The artisan hub has certainly caught the imagination of foodies regionwide. Vallum, which stands on Milecastle 18, eight miles west of Newcastle, officially launched the hub with a Christmas Fair featuring food and craft from 35 visiting producers and attracted a staggering 5,000 visitors.
“We were amazed,” says Vicky. “We’d been tweeting about the restoration of the Old Cow Barn and the plans to bring David here and further grow our community, but we had no idea how much interest there was until we had the fair in mid-November and were swamped with people itching to see the barn and meet our producers.
“It just goes to show how committed people are in this area to local produce, traditionally made.”
Vicky is currently moving production of her Great Taste Award-winning Vallum ice cream fully into the Old Cow Barn and working on a programme of markets and foodie events for 2013.
The Old Cow Barn expands the already active community at Vallum, which includes the nationally renowned heritage vegetable producers Ken and Tracy Holland of North Country Growers, Bernard and Pamela Lynch of Bywell Smokery, and Vallum Tea Room and Ice Cream Parlour.
David Kennedy’s new venture follows the success of David Kennedy’s Food Social at the Biscuit Factory in Newcastle and David Kennedy’s River Café in North Shields, which was recently awarded a prestigious Bib Gourmand.
“David’s food is renowned for its robust, local flavours and traditional, honest values,” so it is perfect for Vallum,” says Vicky. “David Kennedy at Vallum has caused great excitement among David’s team, not least because they get to work hand in hand with on-site producers. David’s baker Murray Rhind is now filling David’s shop at Vallum with an abundance of wonderful breads and patisserie and customers can browse and buy freshly baked artisan breads while they watch Murray at work. It perfectly sums up our community ethos here.”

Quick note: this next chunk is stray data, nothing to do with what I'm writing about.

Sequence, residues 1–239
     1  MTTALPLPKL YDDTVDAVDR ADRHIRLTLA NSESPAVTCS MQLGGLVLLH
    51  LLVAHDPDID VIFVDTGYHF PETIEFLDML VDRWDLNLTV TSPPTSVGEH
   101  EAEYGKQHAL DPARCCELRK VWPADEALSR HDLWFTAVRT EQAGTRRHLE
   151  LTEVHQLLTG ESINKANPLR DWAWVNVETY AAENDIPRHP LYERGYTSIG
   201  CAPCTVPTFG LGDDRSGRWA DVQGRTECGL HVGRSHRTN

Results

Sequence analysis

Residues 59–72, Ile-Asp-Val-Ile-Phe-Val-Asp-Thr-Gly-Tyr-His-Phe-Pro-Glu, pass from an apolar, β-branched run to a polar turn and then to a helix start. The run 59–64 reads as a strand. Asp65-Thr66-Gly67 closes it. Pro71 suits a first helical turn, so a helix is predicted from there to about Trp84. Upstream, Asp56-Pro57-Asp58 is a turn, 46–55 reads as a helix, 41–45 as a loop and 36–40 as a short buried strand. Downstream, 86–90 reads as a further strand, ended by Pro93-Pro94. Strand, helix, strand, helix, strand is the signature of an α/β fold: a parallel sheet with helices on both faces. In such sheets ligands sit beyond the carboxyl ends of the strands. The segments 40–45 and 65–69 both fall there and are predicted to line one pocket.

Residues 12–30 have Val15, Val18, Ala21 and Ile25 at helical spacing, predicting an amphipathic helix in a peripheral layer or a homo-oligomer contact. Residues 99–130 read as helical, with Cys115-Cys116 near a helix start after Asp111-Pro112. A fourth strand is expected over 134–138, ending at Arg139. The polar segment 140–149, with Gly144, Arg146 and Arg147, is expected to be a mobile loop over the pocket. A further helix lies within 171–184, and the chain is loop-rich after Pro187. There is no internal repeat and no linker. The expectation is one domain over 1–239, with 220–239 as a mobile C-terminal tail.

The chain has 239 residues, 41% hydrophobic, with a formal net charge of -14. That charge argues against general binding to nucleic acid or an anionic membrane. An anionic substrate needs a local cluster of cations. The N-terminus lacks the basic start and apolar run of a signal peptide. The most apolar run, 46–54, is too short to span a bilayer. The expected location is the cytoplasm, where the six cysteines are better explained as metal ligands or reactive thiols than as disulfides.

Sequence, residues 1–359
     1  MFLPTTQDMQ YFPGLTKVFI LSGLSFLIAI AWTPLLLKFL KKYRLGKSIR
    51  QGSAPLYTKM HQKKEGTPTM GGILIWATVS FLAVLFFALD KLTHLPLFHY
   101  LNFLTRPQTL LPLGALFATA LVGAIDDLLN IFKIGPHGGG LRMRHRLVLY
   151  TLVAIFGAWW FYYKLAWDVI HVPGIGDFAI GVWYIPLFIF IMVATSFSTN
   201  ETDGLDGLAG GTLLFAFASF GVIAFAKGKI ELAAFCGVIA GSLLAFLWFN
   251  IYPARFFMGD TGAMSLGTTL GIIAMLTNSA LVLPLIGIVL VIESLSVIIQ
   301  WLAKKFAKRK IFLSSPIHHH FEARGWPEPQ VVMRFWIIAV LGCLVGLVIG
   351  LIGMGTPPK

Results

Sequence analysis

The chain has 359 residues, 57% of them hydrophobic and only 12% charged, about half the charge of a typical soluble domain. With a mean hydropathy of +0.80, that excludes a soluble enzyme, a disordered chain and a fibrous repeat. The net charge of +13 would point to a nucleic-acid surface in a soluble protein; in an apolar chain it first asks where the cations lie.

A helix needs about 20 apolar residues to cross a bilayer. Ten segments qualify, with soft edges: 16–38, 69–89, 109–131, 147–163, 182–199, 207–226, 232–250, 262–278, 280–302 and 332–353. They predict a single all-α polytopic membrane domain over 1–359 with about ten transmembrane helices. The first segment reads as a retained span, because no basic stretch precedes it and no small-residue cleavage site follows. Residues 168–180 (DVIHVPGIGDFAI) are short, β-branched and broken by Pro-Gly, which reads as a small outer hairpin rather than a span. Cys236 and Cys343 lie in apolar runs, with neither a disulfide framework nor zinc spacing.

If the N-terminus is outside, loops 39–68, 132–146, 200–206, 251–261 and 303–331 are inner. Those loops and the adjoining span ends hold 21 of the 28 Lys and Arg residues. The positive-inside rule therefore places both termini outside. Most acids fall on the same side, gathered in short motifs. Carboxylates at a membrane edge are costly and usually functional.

Vallum began welcoming visitors in 2005, when Vicky and Peter launched their award-winning Tea Room and Ice Cream Parlour.
Since then, their home-produced fare has won many Great Taste Awards and their Sunday lunch has been Extremely Highly Recommended by Your Northumberland.
The Moffitt family has farmed at Vallum for many years and their Brown Swiss cows – the only herd of their type in the region – supply the milk for the ice cream handmade by Vicky and her team.
Vicky says: “After many months of work, it’s a privilege for us to officially launch this new and unique community of artisan producers who share a common passion for locally, traditionally produced food and craft and value the rich history and tradition of this magical site.
“My husband, like his father before him, has farmed here for many years and we feel passionately about bringing the area to more people, while at the same time creating a growing community of artisans who can work together.
“The Old Cow Barn is designed to allow visitors to see our artisans at work, so that people can truly understand the short journey here from field to plate, and our new workshop spaces will host many events, which will again help our visitors to learn more about this amazing countryside, where Hadrian’s auxiliaries lived from the land, just as we do. We’re the perfect gateway from which to explore Hadrian’s Wall for visitors.”
Vallum artisan producer hub, East Wallhouses, Newcastle, NE18 0LL. Tel: 01434 672 652, www.vallumfarm.co.uk